The atrocious weather couldn't dampen the spirits at the Rolls-Royce rally around the TT course and in the end proved to be quite appropriate for those taking part.
The downpour meant umbrellas were the order of the day as Lieutenant Governor Air Marshal Ian Macfadyen flagged off the early starters before taking a seat in one of the cars for the event, which marked 95 years since Charles Rolls' victory in the 1906 TT for cars.
Around 40 Rolls owners came to the Island from the UK to take part and were joined by 10 local Rolls enthusiasts.
Perhaps the two most prestigious cars on show were a 1905 Rolls similar to the one Charles Rolls drove to victory and a Silver Ghost owned by Rolls Royce and insured for a cool £15 million.
Bob Riding, treasurer of the Island branch of the Rolls-Royce Enthusiasts' Club, said: 'The weather was absolutely filthy and with the thick fog it couldn't have been worse!
'Living in the north of the Island, I go over the mountain quite regularly and at the time of the rally it was some of the worst weather up there I'd ever seen.
'The problem for the Silver Ghost was that it does not have any headlights and I was in my 1926 Aondaulette following it, because I do have electric lights, to sort of shadow it from behind.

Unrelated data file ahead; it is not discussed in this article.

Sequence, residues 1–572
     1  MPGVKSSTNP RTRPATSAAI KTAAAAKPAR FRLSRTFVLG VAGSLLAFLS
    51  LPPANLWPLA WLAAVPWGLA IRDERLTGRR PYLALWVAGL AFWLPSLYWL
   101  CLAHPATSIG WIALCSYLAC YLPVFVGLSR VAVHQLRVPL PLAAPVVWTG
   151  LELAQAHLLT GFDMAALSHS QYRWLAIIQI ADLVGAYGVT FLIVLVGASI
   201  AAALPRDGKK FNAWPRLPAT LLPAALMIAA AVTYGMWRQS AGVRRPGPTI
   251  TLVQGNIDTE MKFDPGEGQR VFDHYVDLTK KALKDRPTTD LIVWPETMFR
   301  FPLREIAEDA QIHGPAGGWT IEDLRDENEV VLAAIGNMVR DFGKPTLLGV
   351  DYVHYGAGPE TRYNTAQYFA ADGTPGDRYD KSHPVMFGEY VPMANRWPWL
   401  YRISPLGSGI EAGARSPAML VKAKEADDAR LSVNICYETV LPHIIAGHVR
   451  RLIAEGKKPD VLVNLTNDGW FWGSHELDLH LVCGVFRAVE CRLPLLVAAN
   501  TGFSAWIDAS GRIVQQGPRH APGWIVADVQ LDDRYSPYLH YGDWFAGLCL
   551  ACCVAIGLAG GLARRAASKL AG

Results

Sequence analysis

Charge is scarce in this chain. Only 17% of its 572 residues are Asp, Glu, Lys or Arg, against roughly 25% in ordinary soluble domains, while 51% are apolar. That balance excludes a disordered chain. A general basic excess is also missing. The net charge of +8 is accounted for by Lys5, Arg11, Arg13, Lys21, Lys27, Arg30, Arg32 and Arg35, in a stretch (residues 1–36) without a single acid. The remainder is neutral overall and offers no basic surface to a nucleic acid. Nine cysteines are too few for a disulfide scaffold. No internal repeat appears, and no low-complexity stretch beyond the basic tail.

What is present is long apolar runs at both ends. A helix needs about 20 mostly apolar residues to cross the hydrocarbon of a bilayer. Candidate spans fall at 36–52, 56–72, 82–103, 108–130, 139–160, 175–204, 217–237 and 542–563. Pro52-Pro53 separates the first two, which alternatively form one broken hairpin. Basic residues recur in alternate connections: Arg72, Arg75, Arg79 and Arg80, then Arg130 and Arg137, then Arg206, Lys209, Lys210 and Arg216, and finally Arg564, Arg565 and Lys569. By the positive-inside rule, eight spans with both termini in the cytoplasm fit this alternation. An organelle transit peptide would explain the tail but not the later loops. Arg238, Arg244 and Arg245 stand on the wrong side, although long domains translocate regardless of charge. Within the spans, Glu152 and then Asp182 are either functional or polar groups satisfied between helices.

'However, when the race was run in 1906 and Charles Rolls won, it was a similarly wet day then so there was a certain appropriateness about it really.
'Everyone got back safely and there were no mishaps.'
After the rally, the cars congregated at the Isle of Man College where catering students put on lunch for the participants.
'The college put on a superb lunch and it was a great credit to the students,' said Mr Riding.
The next rally is scheduled for 2006 which will mark a century since the famous Rolls TT win.
Mr Riding explained: 'It will be the 100th anniversary and David Cretney (Tourism and Leisure Minister) has said the government, through his department, will look to get involved as it is a unique occasion and they would like to help lay on an even bigger and better event.'
The rally was led off by the 1905 model similar to Charles Rolls' winning car. It's owned by Berkshire man John Kennedy, who revealed the car had been found after World War Two and rebuilt in the 1950s to the dimensions of Charles Rolls' car.